If that’s not a great 1960’s band name then I don’t know what is (hint: I don’t know what is).
At the start of the year I set out my ‘goals for 2018’ just like many of us do; an overly ambitious list of things we’d like to do to better ourselves. My list includes improving my French to better interact with a colleague I cohabitate and work with while onsite (my 48 day streak on Duolingo was interrupted by travel… c’est un bon début); reading more books (two a month, so far so good); writing more blog posts (one a month, this one included); interacting more with the R community; and using a bullet journal (all of these are currently tracked in said bullet journal).
My original plan for the increased interaction was to pick an R package a month. I’d pick a package which didn’t already have a vignette, learn the package, write a vignette, submit it as a PR, and blog about the experience. This seemed straightforward enough. There’s a long-standing feeling that too many R packages lack vignettes (note: https://juliasilge.com/blog/mining-cran-description/ – an analysis I intend to reproduce/update). I looked through my backlog of interesting packages I meant to look at more closely and checked to see if they already had vignettes… all of them did (womp womp).
For those not familiar, vignettes in R packages are long-form documentation. Not just a listing of each function, but a good solid walkthrough of background, a use-case, examples, motivations, pitfalls, comparisons, performance metrics, and so on. Function documentation rarely provides sufficient detail like this, so vignettes are a convenient way to include some longer discussions about your package. The problem is that people either neglect to, forget to, or aren’t aware that they can (and should!) write vignettes for their packages.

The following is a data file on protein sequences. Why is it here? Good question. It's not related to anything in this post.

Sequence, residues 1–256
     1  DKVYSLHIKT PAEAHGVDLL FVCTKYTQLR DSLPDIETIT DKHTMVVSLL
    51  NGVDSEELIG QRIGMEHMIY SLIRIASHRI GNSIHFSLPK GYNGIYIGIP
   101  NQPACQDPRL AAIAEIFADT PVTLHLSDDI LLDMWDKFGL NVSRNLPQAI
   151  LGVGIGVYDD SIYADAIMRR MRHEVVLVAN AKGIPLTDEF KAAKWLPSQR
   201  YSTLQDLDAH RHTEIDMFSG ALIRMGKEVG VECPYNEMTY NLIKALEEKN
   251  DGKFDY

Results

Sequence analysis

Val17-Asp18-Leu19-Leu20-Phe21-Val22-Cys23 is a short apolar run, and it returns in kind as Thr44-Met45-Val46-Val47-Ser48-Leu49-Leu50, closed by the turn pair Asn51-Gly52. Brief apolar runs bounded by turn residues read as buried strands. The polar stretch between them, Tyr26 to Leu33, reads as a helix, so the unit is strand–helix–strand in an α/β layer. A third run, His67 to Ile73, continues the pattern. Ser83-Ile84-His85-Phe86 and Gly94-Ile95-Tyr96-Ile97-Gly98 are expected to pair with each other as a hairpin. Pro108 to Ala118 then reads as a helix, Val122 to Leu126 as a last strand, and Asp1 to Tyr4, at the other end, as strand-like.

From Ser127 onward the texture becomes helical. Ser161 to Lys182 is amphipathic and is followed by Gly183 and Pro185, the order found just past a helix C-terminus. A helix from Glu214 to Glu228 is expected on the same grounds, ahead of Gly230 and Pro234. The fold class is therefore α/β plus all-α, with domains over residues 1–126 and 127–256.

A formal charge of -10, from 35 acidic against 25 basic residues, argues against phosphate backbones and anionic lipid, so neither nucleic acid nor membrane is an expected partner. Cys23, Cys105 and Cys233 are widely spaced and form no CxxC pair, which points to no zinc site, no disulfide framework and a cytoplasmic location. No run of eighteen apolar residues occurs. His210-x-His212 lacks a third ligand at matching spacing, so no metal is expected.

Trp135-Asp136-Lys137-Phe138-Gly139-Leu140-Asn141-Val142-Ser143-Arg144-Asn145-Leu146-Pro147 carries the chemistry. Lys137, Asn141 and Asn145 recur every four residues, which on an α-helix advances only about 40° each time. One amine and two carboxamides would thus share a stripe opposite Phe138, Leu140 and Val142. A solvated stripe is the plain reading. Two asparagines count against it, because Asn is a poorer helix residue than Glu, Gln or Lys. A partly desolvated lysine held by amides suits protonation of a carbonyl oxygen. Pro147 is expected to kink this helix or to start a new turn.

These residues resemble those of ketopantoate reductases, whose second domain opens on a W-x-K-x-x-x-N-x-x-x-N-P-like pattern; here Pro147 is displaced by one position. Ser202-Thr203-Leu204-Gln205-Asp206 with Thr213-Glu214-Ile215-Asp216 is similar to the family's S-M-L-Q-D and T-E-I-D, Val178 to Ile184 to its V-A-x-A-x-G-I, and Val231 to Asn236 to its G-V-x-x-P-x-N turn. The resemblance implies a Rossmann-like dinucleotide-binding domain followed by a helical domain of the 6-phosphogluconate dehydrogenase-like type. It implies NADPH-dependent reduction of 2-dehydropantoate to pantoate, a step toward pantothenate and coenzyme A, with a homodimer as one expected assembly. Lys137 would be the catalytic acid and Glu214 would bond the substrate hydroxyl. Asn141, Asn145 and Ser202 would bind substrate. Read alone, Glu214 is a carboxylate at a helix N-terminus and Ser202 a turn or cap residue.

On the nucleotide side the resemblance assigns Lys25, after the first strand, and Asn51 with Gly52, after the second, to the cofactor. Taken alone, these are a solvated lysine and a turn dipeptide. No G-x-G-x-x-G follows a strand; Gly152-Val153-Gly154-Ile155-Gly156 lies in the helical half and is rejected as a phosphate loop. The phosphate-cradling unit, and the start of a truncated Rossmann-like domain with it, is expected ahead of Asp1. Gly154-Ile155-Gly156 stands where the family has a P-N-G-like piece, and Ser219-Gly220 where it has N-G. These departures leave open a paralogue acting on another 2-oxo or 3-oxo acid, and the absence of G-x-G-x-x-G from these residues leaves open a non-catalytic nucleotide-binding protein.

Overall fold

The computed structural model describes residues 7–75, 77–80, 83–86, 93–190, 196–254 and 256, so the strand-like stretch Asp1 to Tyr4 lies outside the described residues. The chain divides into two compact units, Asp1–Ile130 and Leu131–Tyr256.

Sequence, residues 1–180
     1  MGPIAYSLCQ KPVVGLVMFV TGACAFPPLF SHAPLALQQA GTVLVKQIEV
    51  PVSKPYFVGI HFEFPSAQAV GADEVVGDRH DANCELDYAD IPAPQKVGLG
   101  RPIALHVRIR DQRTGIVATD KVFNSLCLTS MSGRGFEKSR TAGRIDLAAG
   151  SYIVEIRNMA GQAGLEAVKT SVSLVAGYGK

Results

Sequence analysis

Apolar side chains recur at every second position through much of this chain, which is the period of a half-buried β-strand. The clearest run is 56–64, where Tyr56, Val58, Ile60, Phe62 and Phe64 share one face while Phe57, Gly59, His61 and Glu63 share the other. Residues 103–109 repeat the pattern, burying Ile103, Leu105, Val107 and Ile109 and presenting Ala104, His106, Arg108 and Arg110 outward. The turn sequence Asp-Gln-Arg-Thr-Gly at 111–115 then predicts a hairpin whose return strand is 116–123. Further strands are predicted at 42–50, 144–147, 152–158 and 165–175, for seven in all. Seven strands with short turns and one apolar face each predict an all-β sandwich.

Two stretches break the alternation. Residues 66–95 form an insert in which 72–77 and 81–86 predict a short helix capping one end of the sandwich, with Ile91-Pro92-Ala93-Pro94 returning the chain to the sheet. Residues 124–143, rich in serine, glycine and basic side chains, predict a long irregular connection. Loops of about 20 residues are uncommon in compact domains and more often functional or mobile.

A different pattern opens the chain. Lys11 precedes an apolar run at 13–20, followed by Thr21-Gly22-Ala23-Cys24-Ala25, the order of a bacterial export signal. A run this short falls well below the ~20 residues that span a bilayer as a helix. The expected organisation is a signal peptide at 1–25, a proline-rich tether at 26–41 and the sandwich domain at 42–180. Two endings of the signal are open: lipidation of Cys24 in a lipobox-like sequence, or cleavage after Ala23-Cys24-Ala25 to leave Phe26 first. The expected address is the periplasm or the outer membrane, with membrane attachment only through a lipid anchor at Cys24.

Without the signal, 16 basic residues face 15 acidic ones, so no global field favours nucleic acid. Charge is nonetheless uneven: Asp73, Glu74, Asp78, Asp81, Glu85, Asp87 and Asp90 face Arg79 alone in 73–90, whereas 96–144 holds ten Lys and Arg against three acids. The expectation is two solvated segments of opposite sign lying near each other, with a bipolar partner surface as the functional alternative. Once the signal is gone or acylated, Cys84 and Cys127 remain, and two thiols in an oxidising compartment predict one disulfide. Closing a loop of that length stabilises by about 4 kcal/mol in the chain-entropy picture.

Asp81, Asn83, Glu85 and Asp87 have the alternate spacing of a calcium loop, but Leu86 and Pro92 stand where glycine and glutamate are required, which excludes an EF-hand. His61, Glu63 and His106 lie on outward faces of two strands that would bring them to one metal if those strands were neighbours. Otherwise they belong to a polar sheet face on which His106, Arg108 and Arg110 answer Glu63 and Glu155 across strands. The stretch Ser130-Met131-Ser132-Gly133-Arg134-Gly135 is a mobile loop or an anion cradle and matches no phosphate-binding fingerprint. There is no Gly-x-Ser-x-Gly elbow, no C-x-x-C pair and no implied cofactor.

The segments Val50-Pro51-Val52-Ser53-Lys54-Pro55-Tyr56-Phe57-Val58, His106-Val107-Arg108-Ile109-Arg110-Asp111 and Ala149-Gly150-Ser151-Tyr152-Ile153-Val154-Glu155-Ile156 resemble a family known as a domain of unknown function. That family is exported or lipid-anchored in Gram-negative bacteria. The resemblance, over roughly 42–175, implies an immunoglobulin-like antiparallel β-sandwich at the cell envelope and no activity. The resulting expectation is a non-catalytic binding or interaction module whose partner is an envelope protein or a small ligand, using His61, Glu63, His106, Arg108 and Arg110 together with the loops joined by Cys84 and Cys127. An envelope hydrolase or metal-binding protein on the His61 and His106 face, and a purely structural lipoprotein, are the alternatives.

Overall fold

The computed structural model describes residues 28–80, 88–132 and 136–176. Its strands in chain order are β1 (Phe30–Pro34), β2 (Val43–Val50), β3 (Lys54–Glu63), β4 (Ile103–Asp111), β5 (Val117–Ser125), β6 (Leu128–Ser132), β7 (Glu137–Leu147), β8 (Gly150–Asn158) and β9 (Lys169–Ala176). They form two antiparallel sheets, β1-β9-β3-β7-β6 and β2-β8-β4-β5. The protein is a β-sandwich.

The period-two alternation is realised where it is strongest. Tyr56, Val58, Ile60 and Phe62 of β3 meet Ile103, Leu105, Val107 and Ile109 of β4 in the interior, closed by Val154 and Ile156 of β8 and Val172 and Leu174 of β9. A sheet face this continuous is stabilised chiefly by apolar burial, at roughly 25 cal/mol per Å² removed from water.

Rather than admit defeat and throw another resolution on the ever-growing pile of failures (I’m looking your way, dusty calligraphy set) I decided to take a different approach. I sent out an offer on Twitter: suggest a package which needs a vignette. It seemed to be popular enough
The old argument was that #rstats packages generally lack vignettes. Someone scraped CRAN and found ‘most’ (lots of?) packages don’t have them.— Jonathan Carroll (@carroll_jono) February 7, 2018
With my book now with the copyeditors, I finally have some time to get/give back to this awesome community…
So, my offer: point me towards a new(ish) package on GitHub that (a) does something cool, and (b) doesn’t have a vignette. I’ll learn the package inside-out, write a vignette, submit it as a PR, and blog about it. Your package, someone else’s which you use, I don’t mind…— Jonathan Carroll (@carroll_jono) February 7, 2018
Thus began the ‘Volunteer Vignettes’ program. I got to work on the first one almost immediately, and doing so has already uncovered bugs, inconsistencies, and insights to the author (I do plan to start a conversation with original authors before beginning any actual work). I’ll be writing each one up once I’m ‘done’ with it, sharing the insights discovered along the way, plus some new ideas about how vignettes might evolve.
If you’re new to vignettes, at this point you may be asking “How does one go about making one? What tools are required? How do I include one in my package?”, and I’m glad you asked. Over the next few months I’ll be blogging about vignettes; how they’re currently used, how they might be more useful, and how we might be able to get people to use them more. I’m also scheduled to present the eventual conclusion of this project at userR 2018, so I’d better get it done!
For now, stay tuned!
P.S. for those interested in a very old-school jam: